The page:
• Automattic earns money on transactions (publisher success) not for providing features
  2. Progressive transaction fees: higher the publisher income, lower the Automattic fee rate

  3. Charge one-time setup fees for advanced features that may require customisations or have an additional cost for Automattic

The progressive fee structure aligns the publishers and Automattic towards publisher success—higher the publisher’s income, more the fees Automattic earns.

Suggested fee structure for monetisation features

Publisher’s revenues (USD/mo) Automattic fees1
Up to 100 8%
101-500 5%
501-1500 3%
1501-5000 2%
> 5000 1%

This plan is structured to match the expected revenue from the current fee structure. Where it differs from the current fee structure is at either end of publisher revenue.

When the publisher is not earning any revenue from transactions despite creating subscriptions or a store, there will be no additional revenue to Automattic from the publisher.

At the other end, when the publisher is earning more than USD 1000/mo from transactions, Automattic will earn 1% of all incremental revenue instead of being capped at USD 45 under the current plan.

Suggested pricing—publisher success driven with no cap

Suggested pricing—publisher success driven with no cap

A progressive fee structure allows us to open up monetisation features to all users, irrespective of their plan. It lets the publishers experiment, optimise, and succeed with monetisation without any additional upfront cost. And it allows Automattic to share in publisher success, incentivising us both to help them succeed. To quote a cliche, it’s a win-win-win.


A product offerings analogy: Drinks brand portfolio

A beverages company that offers a variety of drinks—soft drinks (sodas), energy drinks, coffees, alcoholic beverages, water, juices—will have a wide variety of offerings:

  • Sodas in multiple flavours, and in small-medium-large-unlimited sizes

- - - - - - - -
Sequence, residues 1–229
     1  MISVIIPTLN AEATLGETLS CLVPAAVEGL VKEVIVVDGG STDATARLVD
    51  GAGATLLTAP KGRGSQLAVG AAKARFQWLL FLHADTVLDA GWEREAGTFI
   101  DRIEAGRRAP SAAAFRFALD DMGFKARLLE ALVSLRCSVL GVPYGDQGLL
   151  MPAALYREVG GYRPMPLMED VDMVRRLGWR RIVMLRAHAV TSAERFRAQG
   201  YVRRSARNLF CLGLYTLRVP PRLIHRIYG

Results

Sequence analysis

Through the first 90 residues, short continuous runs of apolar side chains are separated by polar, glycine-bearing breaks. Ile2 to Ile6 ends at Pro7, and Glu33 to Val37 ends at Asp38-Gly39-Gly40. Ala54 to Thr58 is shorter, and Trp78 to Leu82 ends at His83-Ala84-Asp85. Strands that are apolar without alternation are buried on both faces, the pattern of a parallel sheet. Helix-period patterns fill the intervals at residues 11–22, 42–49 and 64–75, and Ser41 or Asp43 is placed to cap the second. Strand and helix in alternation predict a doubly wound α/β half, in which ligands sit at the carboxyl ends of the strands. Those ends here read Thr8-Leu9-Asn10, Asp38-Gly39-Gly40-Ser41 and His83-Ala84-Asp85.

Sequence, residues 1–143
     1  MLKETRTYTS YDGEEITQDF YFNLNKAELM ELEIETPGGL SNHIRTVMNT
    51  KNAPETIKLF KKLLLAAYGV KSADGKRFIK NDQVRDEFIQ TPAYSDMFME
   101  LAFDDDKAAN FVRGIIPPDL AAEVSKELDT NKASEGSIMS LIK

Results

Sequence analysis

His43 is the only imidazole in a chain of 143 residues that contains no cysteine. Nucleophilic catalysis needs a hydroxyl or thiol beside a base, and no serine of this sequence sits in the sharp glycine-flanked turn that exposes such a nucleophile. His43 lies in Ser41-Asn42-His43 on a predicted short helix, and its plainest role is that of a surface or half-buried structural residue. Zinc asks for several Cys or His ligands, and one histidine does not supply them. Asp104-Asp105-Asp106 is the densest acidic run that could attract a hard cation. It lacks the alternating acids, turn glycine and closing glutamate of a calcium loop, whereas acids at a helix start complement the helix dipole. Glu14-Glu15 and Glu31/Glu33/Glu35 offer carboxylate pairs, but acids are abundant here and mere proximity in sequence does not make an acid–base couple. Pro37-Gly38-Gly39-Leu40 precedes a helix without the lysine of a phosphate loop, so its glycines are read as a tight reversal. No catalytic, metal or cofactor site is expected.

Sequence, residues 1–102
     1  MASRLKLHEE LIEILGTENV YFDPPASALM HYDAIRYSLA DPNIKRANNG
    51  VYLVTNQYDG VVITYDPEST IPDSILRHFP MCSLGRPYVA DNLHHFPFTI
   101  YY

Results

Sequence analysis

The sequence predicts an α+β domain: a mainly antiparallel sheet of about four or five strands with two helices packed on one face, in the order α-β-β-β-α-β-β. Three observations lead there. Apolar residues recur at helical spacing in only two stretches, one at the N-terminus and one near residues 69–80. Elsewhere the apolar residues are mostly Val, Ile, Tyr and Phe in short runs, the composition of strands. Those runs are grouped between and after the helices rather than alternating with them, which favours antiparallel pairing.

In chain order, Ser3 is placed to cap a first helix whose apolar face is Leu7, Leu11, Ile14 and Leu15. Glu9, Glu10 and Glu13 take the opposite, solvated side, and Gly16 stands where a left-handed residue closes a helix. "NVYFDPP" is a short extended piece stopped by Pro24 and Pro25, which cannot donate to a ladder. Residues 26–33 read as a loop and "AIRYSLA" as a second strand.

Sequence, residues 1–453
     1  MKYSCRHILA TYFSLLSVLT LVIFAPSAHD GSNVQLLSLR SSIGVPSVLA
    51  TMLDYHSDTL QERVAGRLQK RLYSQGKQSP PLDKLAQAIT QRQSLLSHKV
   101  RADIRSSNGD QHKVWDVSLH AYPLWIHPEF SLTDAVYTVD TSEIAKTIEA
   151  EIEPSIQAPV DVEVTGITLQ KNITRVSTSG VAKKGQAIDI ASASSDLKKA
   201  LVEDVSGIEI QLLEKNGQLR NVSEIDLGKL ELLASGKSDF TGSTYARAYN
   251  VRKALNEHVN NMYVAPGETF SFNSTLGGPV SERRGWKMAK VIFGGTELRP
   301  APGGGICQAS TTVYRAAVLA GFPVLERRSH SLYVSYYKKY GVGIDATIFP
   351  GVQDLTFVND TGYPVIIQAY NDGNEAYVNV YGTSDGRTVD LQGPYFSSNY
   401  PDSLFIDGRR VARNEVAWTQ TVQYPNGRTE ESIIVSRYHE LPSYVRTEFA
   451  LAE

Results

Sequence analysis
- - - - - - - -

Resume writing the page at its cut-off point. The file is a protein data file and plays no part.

• Energy drinks in a few flavours and multiple sizes
  • Multiple types of coffee, including hot and cold, in 3 sizes each
  • Selections of beers, wines and whiskies
  • Free water cups, but also water bottles in multiple sizes
  • Selection of juices, including fruit combinations, aerated, with/out pulp, and in multiple sizes

They would also have add-ons. Say, a shot of whisky to turn a coffee Irish, or syrups to add to water.

The current pricing plans, applied to a beverages company’s portfolio would mean having just one soda, one energy drink, one coffee drink, one alcoholic beverage, one water option, and one juice drink. They would all be available in just one size, and would be priced solely based on the drink type.


Inferred pricing plans for recurrent payments

The best pricing plan for publishers—combining the fixed ( plan) and variable ( transaction fees) costs—varies based on their income from recurrent payments:

  • For publisher earnings of up to USD 83/mo, the Blogger plan is the most economical—costing up to USD 11.33/mo
  • From USD 83 to USD 850, the Premium plan is the most economical—up to USD 42/mo
  • From USD 850 to USD 1000, the Business plan is the most economical—up to USD 45/mo
  • Above USD 1,000 in monthly earnings, the eCommerce plan with its flat fee is the most economical—USD 45/mo
  • For the purpose of earning recurrent payments, the Personal plan is redundant

The ‘current pricing’ line in the expected revenue charts above reflects this ‘best plan’ at each price point.

All opinion notes:

  1. We need to do something about the Reader
  2. Jetpack: the Automattic experience for WordPress
  3.—a hosted, tightly-integrated version of WooCommerce
  4. Woo Two — More ideas for WooCommerce
  5. Earn with WordPress
  6. Pricing—more and less
  7. TBC: A publishing platform for today’s content formats

  1. The fee tiers are marginal.
    E.g. For transactions worth USD 350 in a month, the first USD 100 is charged at 8%, and the next USD 250 at 5%